after making adjustments to countable income, concludes that families living near the current poverty line have fewer countable resources than they would have under the current poverty measure.

CONCLUSION

I dissent because the report's recommendations—to choose three particular commodities upon which to base the calculation of poverty and to exclude other commodities; to establish a normative range of values within which the poverty line should fall; to increase the poverty line over time to account for perceived improvements in the standard of living; and to exclude medical expenses from family resources—are the outcome of highly subjective judgements. These are judgements that do not result from scientific inquiry and, therefore, in my opinion, are improperly placed in this report.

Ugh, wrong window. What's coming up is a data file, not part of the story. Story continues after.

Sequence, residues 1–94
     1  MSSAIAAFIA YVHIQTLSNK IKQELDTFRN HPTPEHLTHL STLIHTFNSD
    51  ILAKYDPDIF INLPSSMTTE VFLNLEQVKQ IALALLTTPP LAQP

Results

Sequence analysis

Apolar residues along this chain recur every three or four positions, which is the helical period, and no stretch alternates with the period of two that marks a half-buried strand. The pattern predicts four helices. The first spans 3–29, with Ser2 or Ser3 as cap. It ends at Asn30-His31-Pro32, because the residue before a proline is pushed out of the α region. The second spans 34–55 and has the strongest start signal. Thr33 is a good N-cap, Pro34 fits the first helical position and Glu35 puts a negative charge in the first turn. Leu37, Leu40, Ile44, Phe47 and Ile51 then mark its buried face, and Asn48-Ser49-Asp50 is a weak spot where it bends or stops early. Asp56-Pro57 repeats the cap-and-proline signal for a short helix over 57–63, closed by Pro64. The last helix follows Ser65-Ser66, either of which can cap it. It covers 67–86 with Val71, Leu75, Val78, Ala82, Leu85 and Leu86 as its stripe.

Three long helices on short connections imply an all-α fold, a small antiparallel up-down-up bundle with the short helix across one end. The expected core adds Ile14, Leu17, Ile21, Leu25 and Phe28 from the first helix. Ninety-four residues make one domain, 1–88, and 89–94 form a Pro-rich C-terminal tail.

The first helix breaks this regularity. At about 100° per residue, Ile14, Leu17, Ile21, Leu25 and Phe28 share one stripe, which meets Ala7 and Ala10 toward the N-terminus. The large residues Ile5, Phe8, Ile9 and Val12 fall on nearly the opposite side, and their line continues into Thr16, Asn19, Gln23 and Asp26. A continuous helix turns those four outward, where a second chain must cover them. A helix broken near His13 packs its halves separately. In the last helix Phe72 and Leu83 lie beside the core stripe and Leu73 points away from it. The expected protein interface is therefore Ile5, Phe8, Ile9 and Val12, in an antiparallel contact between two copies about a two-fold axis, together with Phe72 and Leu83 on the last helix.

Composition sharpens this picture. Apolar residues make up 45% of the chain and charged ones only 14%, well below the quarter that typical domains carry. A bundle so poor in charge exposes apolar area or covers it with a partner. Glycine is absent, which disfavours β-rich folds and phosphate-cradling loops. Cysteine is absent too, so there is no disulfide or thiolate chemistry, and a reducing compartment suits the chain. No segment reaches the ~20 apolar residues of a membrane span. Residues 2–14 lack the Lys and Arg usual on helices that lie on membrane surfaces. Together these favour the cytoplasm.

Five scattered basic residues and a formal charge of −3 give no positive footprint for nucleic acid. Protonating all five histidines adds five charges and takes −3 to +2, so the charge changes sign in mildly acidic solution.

I do not believe that this report will be the basis for improving the measurement of poverty because its recommendations are not based on scientific evidence. To my disappointment, the panel has missed an extraordinary opportunity to enlighten and inform government officials about problems of measuring poverty and about the solutions to those problems.

REFERENCES

Grossman, M. 1972 On the concept of health capital and the demand for health. Journal of Political Economy 80(March/April):223-255.


Newhouse, Joseph P. 1972 Free for All? Lessons from the RAND Health Insurance Experiment . Cambridge, Mass.: Harvard University Press.


Pauly, M.V. 1968 The economics of moral hazard: Comment. American Economic Review 58:535.



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